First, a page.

Rajaram's bull/Hindutva (response to BhG)

Bharat Gupt abhinav at DEL3.VSNL.NET.IN
Thu Aug 10 13:28:41 UTC 2000

Luis Gonzalez-Reimann wrote:
> At 04:35 PM 08/06/2000 +0000, Bharat Gupt wrote:
> >The colonial era created a more restrictive and lexical definitions both
> of Brahminism
> >and the Hindu by restricting them to mean only those who accept the Vedas
> and Upanishads
> >as revelation. Whereas historically, Buddhists, Jains, Shaivs etc had all
> accepted the
> >var.na system...
> In the first part of your statement you refer to accepting the Vedas as
> revelation, but then you mention Buddhism and Jainism and instead of
> continuing to talk about whether the Vedas are considered as revealed or
> not you talk about the varNas.

Why should I continue to talk about Buddhists not accepting the Vedas. I have no
colonial agenda. I am not trying to change history by saying that nastiks accepted
the vedas. My post nowhere stated or implied that Buddhists etc., accepted the Vedas
as Sruti/pramaa.na or aagama.

But I drew attention to the fact that varna is not ONLY  a Brahminical concept
because it has been accepted by all indigenous people and here even by
Muslims also as social hierarchy.

The colonial approach has been to lay the sin of creating this hierarchy on the
Brahmins  and encouraging a politics of compensation as indicated  in the last
posts that even Marxism in India resulted not in class war but caste war.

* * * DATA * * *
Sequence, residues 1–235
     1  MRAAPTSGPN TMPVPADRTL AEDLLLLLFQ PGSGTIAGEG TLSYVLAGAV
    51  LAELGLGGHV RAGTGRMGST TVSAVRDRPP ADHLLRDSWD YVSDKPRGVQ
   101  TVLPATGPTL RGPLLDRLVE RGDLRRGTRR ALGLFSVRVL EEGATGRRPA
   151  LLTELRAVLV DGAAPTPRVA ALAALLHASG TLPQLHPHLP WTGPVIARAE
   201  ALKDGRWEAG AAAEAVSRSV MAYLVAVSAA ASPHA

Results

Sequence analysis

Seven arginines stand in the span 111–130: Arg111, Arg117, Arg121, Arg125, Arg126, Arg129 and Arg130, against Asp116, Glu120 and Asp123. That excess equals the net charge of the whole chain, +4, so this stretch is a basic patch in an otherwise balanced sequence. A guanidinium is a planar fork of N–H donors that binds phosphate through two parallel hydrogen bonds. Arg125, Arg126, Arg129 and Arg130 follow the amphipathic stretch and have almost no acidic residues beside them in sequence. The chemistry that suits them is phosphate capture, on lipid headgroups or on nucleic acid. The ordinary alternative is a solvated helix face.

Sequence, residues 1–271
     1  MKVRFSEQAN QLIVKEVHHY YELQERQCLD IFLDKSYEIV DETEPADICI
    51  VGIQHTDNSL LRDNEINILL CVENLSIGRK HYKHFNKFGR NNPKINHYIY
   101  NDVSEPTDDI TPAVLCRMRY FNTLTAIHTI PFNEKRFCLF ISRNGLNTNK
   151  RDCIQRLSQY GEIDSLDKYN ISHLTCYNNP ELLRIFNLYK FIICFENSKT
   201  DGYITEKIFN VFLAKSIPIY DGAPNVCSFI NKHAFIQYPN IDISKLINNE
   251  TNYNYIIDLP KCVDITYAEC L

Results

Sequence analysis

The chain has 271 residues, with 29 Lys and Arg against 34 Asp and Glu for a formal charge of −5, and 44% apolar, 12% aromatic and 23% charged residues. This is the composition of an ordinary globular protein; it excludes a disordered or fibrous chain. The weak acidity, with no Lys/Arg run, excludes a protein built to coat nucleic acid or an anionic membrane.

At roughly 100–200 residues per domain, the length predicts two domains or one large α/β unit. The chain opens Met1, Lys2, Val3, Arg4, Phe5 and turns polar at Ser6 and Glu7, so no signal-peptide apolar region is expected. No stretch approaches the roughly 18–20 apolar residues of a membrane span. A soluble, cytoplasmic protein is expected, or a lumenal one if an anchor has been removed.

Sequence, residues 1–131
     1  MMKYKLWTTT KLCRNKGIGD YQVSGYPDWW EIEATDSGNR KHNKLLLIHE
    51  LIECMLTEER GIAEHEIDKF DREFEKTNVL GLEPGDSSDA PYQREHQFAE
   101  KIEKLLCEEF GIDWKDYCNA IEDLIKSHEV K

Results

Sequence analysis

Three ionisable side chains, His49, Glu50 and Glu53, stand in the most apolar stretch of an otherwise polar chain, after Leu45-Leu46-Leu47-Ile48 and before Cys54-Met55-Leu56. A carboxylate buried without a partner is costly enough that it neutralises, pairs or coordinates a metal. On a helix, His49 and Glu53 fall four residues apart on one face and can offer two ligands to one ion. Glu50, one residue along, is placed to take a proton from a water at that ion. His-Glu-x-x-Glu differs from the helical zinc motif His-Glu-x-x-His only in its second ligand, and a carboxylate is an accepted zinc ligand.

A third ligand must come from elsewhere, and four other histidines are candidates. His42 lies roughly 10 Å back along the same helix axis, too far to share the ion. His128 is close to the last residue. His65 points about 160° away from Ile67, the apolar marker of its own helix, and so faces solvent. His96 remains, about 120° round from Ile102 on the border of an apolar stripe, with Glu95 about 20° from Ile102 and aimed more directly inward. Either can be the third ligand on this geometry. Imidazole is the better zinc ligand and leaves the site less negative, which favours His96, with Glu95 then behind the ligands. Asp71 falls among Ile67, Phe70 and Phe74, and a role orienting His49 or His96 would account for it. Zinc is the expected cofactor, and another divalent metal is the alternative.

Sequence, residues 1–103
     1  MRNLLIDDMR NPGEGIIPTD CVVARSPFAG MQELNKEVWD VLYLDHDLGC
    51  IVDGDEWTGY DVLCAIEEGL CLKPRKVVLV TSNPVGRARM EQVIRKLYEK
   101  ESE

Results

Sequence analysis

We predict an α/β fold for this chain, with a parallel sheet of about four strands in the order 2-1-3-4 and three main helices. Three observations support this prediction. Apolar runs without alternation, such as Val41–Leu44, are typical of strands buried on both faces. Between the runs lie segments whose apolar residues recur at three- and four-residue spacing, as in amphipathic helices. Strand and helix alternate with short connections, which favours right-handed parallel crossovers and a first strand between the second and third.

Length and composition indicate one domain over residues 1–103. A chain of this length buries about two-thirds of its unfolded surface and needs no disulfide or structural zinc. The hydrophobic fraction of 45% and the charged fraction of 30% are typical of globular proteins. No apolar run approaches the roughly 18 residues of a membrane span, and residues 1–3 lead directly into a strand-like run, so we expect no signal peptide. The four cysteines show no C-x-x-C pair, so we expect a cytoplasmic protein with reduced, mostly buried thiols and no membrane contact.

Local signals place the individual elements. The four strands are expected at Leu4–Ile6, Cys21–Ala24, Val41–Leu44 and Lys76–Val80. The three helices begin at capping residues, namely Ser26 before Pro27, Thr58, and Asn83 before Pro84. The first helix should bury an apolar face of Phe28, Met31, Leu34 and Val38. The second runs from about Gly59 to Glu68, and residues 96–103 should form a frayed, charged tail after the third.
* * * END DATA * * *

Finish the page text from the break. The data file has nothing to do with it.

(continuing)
Neglecting this fact has led to the present day state where Brahminism
is not even extant or a practice but a merely a political rhetoric for more
caste war and classical studies continue to reinforce this rhetoric as they have
not elaborated enough on the departure from smriti defined or lexical brahminical
behaviour of the brahmins even in ancient India.

I also tried to indicate in the two posts that colonial definition of
"Hindu" (which now prevails) reduced the wider meaning of "Hindu" as a geographic
cultural entity (from Persian Ind,Greek India, Islamic Hind/Hindostan/Mulke-Hindavi)
to religious, i.e., the followers of the Vedas.

The issue I raised was :
Why were a host of other beliefs like var.na-ashram, re-incarnation, karmavaada,
paralokavaada, apratyaksha-prmaa.na, validity of meditative truth whether called rta,
kaivalya, buddhatva, nirva.na, or saayujya etc, shared by nearly all denominations of
faiths  of  India (except Caravaakas) which also goes into the making  of
Hindu/Indian/Hindavii identity, ignored by the colonial scholarship ?

Was this new categorisation, changing the definition from geographic-culltural to
the religious Hindu (as the aastika) and the rest as its other, an administrative
strategy for altering social behaviour of the governed ? Or should we say this not an
indological concern !!

Bharat Gupt,  Associate Professor, Delhi University
PO Box 8518, Ashok Vihar, Delhi 110052  INDIA
tel 91-11-724 1490, fax 741-5658, email: bharatgupt at vsnl.com

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